Research expenditures climb with interdisciplinary growth

February 24, 2004

University Park, Pa. -- Penn State's research expenditures in fiscal 2003 climbed to $545 million buoyed by the University's strength in interdisciplinary projects that involve collaborations by faculty members and students from across the University.

According to the Annual Report of the Office of the Vice President for Research -- published at http://www.research.psu.edu/pu/annrep03.pdf -- more than 60 percent of the total expenditures were made in four strategic, interdisciplinary, collaborative programs: Materials Research Institute, Penn State Institutes of the Environment, the Huck Institutes of the Life Sciences and the Social Science Research Institute, including the Children, Youth and Families Consortium. Together, the four initiatives account for $333 million of the total expenditures.

Eva J. Pell, vice president for research and dean of the Graduate School, says, "Funding for research expenditures comes primarily from federal, industry, and foundation sources and is spent mostly in Pennsylvania, providing an important boost to the state's economy. The ability of our faculty members to propose and successfully compete for these funds in the national arena reflects the excellence of the University's basic and applied research programs."

Fiscal 2003 is the first year that expenditures from federal agency sources exceeded $300 million. Expenditures from National Science Foundation funds were up 20 percent to $42 million with programs in nano-science and nano-technology primarily responsible for the increase. These projects involve manipulation of small groups of atoms and molecules, or even individual atoms and molecules, to construct ultra-small functional units that have applications in healthcare, microelectronics, national defense, homeland security, communications, and manufacturing.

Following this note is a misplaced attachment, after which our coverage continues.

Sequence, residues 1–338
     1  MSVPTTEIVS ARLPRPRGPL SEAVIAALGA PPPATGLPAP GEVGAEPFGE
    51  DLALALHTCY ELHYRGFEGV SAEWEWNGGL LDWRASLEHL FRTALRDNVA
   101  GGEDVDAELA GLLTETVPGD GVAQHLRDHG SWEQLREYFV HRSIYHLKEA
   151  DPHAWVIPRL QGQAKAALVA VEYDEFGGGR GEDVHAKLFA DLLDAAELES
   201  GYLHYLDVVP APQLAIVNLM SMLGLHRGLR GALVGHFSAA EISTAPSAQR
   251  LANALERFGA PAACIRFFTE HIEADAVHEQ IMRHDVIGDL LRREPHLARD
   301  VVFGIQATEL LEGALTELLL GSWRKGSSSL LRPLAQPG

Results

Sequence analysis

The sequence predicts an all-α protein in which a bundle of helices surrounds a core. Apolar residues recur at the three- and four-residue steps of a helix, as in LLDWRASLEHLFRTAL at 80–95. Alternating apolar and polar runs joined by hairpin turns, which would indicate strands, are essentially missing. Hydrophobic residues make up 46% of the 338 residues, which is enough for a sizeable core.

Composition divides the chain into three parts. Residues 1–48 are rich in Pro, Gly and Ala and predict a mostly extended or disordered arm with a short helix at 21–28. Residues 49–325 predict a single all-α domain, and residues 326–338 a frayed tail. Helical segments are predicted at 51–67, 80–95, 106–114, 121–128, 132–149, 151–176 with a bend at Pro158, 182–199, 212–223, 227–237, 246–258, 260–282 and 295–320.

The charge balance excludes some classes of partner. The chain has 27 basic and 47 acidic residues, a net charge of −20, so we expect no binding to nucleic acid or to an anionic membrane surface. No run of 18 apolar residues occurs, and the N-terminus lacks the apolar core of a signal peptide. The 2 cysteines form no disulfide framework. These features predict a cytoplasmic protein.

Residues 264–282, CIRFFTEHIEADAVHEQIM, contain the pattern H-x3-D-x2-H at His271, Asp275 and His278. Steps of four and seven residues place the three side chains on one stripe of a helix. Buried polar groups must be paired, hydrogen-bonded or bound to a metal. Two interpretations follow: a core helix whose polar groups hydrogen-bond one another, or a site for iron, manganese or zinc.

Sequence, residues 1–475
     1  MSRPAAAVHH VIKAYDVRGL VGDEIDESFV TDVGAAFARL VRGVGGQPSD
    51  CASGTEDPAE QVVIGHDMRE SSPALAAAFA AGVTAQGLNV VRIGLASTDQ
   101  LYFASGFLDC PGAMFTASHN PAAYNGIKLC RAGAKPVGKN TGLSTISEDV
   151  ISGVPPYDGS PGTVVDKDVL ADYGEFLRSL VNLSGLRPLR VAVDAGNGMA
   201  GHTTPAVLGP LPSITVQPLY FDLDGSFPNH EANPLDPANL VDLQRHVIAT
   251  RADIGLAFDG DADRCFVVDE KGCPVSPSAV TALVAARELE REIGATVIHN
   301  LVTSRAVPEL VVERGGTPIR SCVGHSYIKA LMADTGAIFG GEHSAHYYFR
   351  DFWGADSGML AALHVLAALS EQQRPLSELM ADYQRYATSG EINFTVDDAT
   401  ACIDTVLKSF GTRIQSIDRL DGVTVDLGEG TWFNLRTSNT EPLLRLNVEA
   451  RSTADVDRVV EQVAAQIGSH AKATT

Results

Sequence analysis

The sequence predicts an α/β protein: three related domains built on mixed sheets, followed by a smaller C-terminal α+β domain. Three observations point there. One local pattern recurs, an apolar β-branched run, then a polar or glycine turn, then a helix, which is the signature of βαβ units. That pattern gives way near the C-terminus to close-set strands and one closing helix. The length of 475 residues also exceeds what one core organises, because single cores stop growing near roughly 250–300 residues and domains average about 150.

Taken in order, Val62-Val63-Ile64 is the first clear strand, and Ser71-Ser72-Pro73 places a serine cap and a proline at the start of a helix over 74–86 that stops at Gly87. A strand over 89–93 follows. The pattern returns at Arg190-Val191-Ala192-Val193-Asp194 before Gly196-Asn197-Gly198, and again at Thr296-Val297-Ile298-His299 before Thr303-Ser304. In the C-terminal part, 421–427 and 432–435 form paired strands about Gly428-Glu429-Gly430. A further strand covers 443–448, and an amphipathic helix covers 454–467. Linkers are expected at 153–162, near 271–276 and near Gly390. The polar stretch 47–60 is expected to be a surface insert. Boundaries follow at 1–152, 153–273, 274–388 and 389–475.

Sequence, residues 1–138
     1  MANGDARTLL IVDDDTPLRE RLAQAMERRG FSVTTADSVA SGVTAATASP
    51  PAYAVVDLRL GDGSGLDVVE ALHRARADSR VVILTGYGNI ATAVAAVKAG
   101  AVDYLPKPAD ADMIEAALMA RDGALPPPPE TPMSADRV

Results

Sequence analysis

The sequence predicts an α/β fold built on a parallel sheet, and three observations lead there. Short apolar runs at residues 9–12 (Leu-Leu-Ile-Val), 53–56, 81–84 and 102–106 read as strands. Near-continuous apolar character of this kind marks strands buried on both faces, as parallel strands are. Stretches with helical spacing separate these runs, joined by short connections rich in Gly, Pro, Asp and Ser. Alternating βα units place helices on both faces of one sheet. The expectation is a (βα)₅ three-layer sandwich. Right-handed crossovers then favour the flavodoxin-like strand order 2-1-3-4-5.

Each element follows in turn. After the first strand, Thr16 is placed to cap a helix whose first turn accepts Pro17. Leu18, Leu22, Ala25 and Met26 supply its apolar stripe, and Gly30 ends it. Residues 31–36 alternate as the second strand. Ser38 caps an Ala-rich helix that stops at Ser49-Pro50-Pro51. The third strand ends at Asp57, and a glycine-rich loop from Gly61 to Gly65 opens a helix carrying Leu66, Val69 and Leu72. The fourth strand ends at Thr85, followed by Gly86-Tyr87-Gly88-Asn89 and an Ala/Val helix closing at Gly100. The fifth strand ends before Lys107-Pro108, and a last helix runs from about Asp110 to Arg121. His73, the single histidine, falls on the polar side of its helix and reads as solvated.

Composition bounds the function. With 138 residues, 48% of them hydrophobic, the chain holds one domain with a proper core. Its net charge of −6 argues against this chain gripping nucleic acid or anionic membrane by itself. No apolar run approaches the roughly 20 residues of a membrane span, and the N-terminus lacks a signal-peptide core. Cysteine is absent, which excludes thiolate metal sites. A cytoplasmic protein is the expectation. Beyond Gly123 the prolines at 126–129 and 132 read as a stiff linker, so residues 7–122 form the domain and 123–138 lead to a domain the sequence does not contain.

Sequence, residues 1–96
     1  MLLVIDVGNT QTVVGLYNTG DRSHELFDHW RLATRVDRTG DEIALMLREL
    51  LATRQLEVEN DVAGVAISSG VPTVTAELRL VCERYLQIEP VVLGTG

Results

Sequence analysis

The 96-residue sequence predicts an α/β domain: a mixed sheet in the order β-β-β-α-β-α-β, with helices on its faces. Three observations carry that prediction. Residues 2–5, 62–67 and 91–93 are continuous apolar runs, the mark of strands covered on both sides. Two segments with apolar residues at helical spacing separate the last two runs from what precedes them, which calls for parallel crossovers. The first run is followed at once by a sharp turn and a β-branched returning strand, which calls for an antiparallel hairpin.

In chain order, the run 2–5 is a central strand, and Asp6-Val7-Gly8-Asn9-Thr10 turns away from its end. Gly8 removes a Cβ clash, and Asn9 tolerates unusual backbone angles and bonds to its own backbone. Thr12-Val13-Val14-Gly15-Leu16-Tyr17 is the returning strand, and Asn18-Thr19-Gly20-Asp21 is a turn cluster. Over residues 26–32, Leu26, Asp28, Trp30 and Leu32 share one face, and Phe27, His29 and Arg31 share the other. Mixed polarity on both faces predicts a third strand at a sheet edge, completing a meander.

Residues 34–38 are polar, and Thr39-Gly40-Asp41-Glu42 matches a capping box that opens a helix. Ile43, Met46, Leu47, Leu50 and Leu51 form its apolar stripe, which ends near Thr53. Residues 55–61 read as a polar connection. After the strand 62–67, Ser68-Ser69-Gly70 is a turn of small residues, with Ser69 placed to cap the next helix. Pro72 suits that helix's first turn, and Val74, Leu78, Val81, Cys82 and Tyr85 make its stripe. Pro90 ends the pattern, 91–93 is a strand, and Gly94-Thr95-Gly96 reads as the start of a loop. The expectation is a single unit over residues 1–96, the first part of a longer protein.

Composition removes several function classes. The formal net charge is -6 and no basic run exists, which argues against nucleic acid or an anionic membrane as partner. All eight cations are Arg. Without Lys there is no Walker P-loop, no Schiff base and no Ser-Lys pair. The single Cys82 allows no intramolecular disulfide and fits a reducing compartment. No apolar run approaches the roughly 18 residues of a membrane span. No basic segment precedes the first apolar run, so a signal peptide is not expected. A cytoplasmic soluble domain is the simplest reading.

For example, one nanotechnology project at Penn State's Particulate Materials Center involves nanospheres so small it would take 10,000 to span the width of a human hair. Filled with fluorescent dye and inhaled or injected into the human body, these tiny glowing particles could attach themselves to tumor cells or white blood cells enabling safe and effective pinpointing of tumors or treatment of infections.

Other significant increases in expenditures from federal sources include Department of Energy, up 37 percent to $12.5 million; the Department of Defense, up 9 percent to $116 million; and the Department of Health and Human Services, up 4.6 percent to $86 million.

According to National Science Foundation (NSF) data for 2001, the most recent tally available, Penn State ranked 11th among all U.S. universities in R&D expenditures. The NSF report on university research expenditures across the nation for fiscal 2003 is not yet available. The rankings can be seen on the NSF Web site in Academic Research and Development Expenditures: Fiscal 2001 at http://www.nsf.gov/sbe/srs/nsf03316/start.htm

(Media Contacts)

Last Updated March 19, 2009